All of the above factors determine how a judge will evaluate a spousal maintenance award. But it's important to note that you and your former spouse can agree to the type, amount, and duration of spousal maintenance through your own agreement.
If you do, Arizona’s alimony laws may serve as a backdrop for discussions with your ex-spouse, but they will not necessarily limit the structure of your agreement. (For instance, you could agree to spousal maintenance payments that would last longer or shorter than a court would likely order).
As with many areas of Family Law, the best outcomes typically involve out-of-court agreements rather than contested court battles.
Keep in mind that child support is different from spousal maintenance, and while spousal maintenance payments are up to the judge's discretion, there is a much clearer expectation that both parents will contribute to a child's upbringing.
Additionally, the two forms of support are calculated differently. Judge's have more discretion when determining spousal maintenance than they do for calculating child support, which has stricter guidelines.
Yes, it is possible to modify or terminate spousal maintenance in Arizona under certain circumstances.
To request a modification, you must petition the court that approved the original spousal maintenance order.
Courts typically only modify spousal maintenance in Arizona based on a substantial and continuing change in circumstances, such as:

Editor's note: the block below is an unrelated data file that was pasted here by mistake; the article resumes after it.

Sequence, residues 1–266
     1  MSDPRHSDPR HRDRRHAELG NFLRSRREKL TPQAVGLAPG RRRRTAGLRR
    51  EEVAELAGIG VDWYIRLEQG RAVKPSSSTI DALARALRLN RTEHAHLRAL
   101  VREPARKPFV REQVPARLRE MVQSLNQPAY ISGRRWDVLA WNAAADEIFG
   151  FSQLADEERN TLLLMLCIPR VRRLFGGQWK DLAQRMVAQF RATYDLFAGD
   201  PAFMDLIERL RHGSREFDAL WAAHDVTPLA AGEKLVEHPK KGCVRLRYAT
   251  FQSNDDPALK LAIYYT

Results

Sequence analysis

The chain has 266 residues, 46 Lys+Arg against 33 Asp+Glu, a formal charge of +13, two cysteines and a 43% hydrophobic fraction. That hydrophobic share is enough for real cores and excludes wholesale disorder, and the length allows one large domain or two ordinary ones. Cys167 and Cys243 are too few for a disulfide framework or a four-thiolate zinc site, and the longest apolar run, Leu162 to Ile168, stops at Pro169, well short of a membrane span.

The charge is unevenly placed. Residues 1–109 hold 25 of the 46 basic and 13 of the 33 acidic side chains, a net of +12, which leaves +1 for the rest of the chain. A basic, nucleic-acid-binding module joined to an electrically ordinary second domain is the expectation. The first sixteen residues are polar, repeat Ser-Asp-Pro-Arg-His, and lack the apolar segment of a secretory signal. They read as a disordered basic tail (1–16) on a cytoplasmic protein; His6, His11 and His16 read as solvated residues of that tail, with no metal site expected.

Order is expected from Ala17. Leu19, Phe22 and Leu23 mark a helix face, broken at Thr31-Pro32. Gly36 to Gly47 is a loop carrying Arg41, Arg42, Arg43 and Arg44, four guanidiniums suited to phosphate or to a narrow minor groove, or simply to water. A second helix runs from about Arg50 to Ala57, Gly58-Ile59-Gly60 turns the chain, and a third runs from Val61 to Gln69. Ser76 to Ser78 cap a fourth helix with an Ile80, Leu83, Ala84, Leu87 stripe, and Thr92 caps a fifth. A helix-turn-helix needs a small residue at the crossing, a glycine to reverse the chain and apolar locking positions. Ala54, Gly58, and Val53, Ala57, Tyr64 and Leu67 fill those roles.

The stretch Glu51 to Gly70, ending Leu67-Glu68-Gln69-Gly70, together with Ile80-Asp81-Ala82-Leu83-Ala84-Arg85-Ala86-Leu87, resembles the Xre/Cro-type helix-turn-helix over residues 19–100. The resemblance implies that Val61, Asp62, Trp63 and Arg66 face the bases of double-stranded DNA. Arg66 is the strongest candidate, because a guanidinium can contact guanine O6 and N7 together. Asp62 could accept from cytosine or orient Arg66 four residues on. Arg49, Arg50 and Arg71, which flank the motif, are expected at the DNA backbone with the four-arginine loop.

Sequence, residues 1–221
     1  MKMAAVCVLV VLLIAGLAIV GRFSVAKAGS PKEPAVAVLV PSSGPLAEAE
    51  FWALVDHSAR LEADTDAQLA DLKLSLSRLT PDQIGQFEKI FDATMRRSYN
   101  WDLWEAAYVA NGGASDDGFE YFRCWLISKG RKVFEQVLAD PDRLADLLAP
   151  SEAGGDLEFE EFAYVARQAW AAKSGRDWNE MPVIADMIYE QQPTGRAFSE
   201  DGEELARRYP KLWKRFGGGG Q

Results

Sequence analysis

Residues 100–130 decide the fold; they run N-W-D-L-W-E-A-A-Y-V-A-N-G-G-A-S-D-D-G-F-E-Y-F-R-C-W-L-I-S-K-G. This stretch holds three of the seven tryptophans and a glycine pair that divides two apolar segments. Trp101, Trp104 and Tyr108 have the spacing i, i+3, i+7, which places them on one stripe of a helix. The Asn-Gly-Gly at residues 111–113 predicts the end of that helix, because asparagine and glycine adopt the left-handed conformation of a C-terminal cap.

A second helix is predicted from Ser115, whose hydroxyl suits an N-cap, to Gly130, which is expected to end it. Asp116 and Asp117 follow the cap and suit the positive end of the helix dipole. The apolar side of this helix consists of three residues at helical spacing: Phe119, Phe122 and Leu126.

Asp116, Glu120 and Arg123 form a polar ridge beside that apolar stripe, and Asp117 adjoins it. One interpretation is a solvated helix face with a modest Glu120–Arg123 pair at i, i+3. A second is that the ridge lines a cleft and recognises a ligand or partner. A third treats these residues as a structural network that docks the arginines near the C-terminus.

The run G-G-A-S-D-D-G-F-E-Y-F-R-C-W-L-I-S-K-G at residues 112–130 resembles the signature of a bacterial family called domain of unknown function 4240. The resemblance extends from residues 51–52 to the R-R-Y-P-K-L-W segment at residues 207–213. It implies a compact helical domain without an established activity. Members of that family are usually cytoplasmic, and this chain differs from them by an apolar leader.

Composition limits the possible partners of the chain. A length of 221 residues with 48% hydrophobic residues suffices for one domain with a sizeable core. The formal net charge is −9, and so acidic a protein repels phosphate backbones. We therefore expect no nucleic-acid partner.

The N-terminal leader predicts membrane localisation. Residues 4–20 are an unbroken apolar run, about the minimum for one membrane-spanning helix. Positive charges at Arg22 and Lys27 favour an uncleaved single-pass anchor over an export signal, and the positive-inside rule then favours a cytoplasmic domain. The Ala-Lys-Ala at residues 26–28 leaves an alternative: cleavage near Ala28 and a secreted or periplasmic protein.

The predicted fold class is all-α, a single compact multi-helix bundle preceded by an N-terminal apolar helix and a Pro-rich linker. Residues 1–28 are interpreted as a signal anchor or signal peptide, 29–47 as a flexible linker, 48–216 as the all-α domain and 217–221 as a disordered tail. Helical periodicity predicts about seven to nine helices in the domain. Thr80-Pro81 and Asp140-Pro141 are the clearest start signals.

Under Arizona law, though, it is also possible for couples to agree that their maintenance arrangement cannot be modified.
There are consequences for failing to pay spousal maintenance in Arizona.
If the paying spouse is not making payments as ordered, the courts have the ability to enforce spousal maintenance orders using the following tactics:
Additionally, the courts can charge the uncooperative spouse with a class 1 misdemeanor under Arizona law. The delinquent spouse can receive up to 6 months of jail time.
Criminal charges are typically used as a last resort, though, and courts will seek to enforce spousal maintenance awards in other ways.
Yes, Arizona is a community property state. This means that all assets and debts a couple acquires during their marriage are presumed to be shared equally.
Unlike other community property states, Arizona does not require property to be divided exactly equally during divorce proceedings. But property division should be fair and will usually be roughly equal.
Keep in mind that only community property is divided equally, and each spouse's separate property is treated differently.
Arizona law allows either spouse to petition the courts for spousal maintenance, but the requesting spouse must demonstrate a need for financial support.
The following factors guide how Arizona courts determine a “need” for support:
The courts evaluate each case on an individual basis.
In Arizona, there is no minimum amount of time that you must be married to qualify for alimony payments. That said, the length of the marriage is one of the factors a judge considers when evaluating spousal maintenance.
Overall, the longer you were married, the more likely a judge is to order spousal maintenance. But it is only one factor they consider, and factors like the need of the receiving spouse, the ability to pay of the paying spouse, and similar considerations will ultimately dictate whether spousal maintenance is appropriate.
If you have other questions about spousal maintenance in Arizona, it may be worth speaking with a family law lawyer.
And here are the key questions to ask a family law attorney when you first speak.